Here’s a beautiful letter written by Mark Twain to American poet Walt Whitman, on the occasion of Whitman’s seventieth birthday. It was in 1889.
After some intense calculations, I figured out that 1889 was at the end of the nineteenth century. A time, so I have heard, of great optimism about the future that humans will inaugurate, with the aid of science and technology.
It’s one thing to hear this, another again to see primary evidence. Twain’s letter is very clear evidence.
Twain lists many advances seen in Whitman’s 70 year span of life: “… the electric light, the sewing machine, & the amazing, infinitely varied & innumerable products of coal tar …”
But even better, says Twain, will be what happens in the next 30 years.
Wait thirty years, & then look out over the earth! You shall see marvels upon marvels added to these whose nativity you have witnessed; & conspicuous above them you shall see their formidable Result — Man at almost his full stature at last! — & still growing, visibly growing while you look.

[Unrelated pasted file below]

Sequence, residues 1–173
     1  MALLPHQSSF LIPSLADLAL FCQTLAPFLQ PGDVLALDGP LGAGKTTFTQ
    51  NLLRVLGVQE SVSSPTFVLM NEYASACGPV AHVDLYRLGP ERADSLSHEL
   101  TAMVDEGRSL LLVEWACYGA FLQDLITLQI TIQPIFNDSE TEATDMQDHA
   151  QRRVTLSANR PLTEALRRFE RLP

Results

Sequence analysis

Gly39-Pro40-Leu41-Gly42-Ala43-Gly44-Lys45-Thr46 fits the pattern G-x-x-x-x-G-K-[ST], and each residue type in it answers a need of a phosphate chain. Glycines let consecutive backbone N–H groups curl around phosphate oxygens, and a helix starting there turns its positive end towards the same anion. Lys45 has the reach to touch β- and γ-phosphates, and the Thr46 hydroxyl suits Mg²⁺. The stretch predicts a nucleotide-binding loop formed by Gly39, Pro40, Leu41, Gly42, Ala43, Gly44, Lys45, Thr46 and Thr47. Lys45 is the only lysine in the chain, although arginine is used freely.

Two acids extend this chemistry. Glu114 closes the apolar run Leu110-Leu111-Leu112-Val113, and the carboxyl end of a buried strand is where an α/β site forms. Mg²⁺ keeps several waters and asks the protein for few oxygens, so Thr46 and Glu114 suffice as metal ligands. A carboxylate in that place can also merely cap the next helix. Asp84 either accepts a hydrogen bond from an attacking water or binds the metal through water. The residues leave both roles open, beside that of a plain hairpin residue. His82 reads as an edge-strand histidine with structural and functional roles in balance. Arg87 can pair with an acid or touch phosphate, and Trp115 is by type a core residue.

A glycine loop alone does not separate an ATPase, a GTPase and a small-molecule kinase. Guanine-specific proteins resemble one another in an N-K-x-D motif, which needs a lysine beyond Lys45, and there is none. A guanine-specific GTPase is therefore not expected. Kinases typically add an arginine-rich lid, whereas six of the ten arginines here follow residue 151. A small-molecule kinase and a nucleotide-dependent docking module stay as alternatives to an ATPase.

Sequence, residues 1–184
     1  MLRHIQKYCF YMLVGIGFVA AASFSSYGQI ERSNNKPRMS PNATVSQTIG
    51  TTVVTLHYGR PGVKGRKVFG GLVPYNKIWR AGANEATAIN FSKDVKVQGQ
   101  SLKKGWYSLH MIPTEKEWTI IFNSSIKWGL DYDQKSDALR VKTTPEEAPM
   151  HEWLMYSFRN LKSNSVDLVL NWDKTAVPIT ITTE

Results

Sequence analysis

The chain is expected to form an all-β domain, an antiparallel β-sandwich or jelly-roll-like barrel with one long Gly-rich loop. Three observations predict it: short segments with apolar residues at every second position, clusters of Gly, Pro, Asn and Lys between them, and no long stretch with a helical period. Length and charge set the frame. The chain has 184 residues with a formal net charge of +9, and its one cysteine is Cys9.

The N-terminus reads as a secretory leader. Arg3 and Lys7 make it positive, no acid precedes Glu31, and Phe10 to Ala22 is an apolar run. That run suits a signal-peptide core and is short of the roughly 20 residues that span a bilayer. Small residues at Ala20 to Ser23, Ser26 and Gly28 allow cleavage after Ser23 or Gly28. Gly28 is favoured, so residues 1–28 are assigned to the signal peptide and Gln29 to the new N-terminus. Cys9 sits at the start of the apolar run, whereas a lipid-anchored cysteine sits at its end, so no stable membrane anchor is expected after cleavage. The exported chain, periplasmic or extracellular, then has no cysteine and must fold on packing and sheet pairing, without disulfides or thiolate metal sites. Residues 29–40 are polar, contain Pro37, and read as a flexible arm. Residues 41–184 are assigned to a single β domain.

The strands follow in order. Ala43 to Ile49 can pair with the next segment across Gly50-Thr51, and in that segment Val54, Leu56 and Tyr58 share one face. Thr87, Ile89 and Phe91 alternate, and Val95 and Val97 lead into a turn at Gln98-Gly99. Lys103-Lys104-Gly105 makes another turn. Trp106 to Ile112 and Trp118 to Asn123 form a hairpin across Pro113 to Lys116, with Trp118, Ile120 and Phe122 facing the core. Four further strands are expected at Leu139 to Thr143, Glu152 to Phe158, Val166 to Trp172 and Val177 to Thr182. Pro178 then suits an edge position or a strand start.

It’s messianic in tone.
Wait till you see that great figure appear, … him [ie, humanity] for whom the earth was made
Just 30 years to go until the inherent goodness of humanity will be proven as more enduring than any wrongness!
These 30 years, of course, take us to 1919. The brutal folly and horror of World War I is barely over. The coming settlement will firmly establish the pre-conditions to replace peace with World War II.
Human optimism is always exciting at the planning stage. Always depressing in hindsight.
For God alone my soul waits in silence, from him comes my salvation …
For God alone, O my soul, wait in silence, for my hope is from him
(Psalm 62:1, 5)
(I apologise for the terrible pun that forms the title of this post.)